Baby knitting: Check.

The Yarn Harlot has a theory that babies don’t come until their knitting is done, and so with that in mind I made a concerted effort to finish the hydrangea sweater this weekend. I finished binding off the last few stitches during the 9th inning of the Red Sox game, and immediately took a few more minutes to sew on the buttons. So just in time for 38 weeks, the knitting is all wrapped up. 🙂

I was starting to deeply resent this sweater while working on it because it was moving so very slowly (the hazard of knitting at 7 st/in.) and I wasn’t loving the colors. But now that it’s all bound off and the lime buttons are on it, I love the colors again and the pattern strikes me as cute.

The pattern calls for garter stitch all around, but I was feeling iffy about knitting at such a tiny gauge without being able to see the stitches, so I changed the yellow on the fronts and sleeves to stockinette. I left the blue in garter throughout, so it provides some textural contrast. You can see the stockinette on the backs of the sleeves and the garter on the back of the body here:

Next project will be something for me – I’m thinking a lace cardigan. Something big/fussy enough to be impossible to work on with a newborn. Perhaps we can use the jinx of a big project attempt to lure him out?

Indecisive Hydrangea

The hydrangea by the driveway is flowering, and we’ve been impressed to see that each bloom is a different color.

The range includes dark blue, light blue, purple, lavender, and pink (sometimes in a gradient across one flower), and while the effect is slightly Technicolor, it’s also exceptionally pretty.

I’ve heard occasionally that the color has to do with the acidity of the soil, but I thought that applied on a bush-by-bush basis, not a branch-by-branch one. If anyone has insights into the mysteries of hydrangea flower color, we’re fascinated.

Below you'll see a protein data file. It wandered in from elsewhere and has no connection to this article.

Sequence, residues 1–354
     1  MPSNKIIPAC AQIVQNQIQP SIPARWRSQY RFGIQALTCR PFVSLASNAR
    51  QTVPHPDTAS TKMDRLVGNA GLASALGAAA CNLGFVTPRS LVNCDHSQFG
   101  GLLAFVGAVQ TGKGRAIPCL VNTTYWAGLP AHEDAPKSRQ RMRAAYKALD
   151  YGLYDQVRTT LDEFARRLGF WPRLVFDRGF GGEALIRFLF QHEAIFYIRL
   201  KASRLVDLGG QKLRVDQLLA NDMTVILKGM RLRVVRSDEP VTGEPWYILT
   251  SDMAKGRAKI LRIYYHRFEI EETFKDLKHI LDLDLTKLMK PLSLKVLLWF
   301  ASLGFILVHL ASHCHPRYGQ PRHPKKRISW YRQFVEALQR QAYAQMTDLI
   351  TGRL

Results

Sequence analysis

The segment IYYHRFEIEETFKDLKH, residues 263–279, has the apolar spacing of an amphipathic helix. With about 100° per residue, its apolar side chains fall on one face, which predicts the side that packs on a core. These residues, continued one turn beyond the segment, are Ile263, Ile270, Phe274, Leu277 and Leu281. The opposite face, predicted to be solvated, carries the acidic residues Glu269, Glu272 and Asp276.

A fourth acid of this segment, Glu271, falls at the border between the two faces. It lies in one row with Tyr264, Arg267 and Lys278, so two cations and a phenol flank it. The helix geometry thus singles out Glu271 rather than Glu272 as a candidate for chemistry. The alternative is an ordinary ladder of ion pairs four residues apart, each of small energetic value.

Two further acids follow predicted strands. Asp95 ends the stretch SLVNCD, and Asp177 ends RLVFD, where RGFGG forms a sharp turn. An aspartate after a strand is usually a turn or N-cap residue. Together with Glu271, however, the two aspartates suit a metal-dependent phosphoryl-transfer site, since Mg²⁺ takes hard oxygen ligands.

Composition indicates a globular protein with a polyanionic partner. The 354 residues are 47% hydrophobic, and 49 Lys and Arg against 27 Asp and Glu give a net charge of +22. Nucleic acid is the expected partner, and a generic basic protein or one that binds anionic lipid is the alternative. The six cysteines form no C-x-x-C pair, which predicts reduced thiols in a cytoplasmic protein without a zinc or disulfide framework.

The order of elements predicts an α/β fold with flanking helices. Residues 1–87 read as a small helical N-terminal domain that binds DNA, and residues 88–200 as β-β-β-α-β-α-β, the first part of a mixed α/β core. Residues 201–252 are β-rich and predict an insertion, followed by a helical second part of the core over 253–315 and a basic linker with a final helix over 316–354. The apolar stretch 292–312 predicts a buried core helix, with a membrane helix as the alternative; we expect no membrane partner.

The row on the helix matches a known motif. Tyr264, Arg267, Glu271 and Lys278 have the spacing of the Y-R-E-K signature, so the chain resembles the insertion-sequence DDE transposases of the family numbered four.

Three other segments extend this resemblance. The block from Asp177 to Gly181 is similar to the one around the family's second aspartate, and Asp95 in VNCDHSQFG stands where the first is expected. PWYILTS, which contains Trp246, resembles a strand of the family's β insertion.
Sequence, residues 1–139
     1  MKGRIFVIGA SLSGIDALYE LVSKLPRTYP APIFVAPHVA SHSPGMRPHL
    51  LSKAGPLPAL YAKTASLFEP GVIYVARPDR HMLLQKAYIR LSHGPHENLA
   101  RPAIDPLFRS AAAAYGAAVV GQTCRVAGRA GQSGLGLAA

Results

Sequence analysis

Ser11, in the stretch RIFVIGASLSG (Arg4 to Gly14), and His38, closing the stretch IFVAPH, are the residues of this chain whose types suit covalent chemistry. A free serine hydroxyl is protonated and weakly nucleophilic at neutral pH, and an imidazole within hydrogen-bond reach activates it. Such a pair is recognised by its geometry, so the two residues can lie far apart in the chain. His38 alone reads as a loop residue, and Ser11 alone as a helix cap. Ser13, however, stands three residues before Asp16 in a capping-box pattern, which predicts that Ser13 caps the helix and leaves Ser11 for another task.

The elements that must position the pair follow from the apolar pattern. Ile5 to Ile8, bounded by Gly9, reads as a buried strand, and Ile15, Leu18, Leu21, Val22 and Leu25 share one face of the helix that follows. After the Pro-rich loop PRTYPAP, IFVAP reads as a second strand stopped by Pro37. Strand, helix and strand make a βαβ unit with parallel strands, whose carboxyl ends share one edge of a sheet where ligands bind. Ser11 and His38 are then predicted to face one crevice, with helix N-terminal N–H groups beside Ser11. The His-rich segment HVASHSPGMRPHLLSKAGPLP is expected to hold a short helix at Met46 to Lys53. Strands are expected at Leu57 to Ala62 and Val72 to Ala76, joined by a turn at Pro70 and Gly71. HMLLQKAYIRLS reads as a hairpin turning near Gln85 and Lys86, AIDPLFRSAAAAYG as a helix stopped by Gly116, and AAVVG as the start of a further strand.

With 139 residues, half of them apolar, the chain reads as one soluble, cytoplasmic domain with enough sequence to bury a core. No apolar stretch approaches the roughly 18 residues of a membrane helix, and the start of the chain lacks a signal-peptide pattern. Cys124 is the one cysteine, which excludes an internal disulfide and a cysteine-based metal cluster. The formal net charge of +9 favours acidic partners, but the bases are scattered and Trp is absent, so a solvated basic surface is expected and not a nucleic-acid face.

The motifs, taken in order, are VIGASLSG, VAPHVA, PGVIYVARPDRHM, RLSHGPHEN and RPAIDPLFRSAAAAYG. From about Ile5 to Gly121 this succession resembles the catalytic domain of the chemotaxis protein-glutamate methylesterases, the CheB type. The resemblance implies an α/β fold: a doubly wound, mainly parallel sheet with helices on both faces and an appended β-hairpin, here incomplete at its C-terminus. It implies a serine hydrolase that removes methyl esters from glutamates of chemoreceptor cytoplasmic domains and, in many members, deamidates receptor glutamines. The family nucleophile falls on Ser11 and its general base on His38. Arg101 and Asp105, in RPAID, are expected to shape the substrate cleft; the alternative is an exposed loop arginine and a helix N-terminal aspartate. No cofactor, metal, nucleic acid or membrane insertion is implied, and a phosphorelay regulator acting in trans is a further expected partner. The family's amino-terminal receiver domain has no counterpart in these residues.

We ended up with quite the stash of plain white onesies. A few years ago, I’d needed some sort of baby clothes as a size reference for a sweater I was knitting for a gift, and the packs of white onesies were the cheapest option by far, so I bought five short sleeve and five long sleeve. Then Kevin’s mom sent us two more packs of four in newborn and three month sizes, and it started to feel a little bit too institutional. My original plan was to applique cute things by hand.

But it took way too long and looked sort of wonky, so v2 was geometric shapes and the sewing machine.

Here’s the first batch:

And the second:

Not professional grade sewing, but colorful and happy. I realized after the fact that I probably should have used a walking foot (or something along those lines?) because it was very hard to keep the stretchy onesie fabric lined up properly with the non-stretchy cotton. Oops.

Vibrant little things

A month into our CSA program, we’re doing a much better job than last year of keeping up with things as they come in. I’m particularly loving the fruit right now – peaches, nectarines and plums – but the vegetables have also been great for the most part. We’re starting to fall behind a bit on the cucumbers, and I’m still not entirely sure what to do with all those radishes, but we’re doing well on the whole.

The exception so far has been beets – they keep sending a handful of different varieties, and I’ve been completely at a loss. Last year I tried to make soup but it wasn’t really a success – the beets stained everything else bright pink and I didn’t like their flavour. On their own, they aren’t appealing to me – they smell like dirt. And they keep piling up.

I mentioned the difficulty to our friends Shawn and Sanna (veritable foodies), and they were raving about how great beets were for you and how they boil them down with honey and a bit of butter, a la mashed potatoes except using the water you cooked them in instead of milk. So I gave it a shot. They’re such bright and lovely colors when you prep them (I was so careful about not getting the juice everywhere, since it really does stain impressively).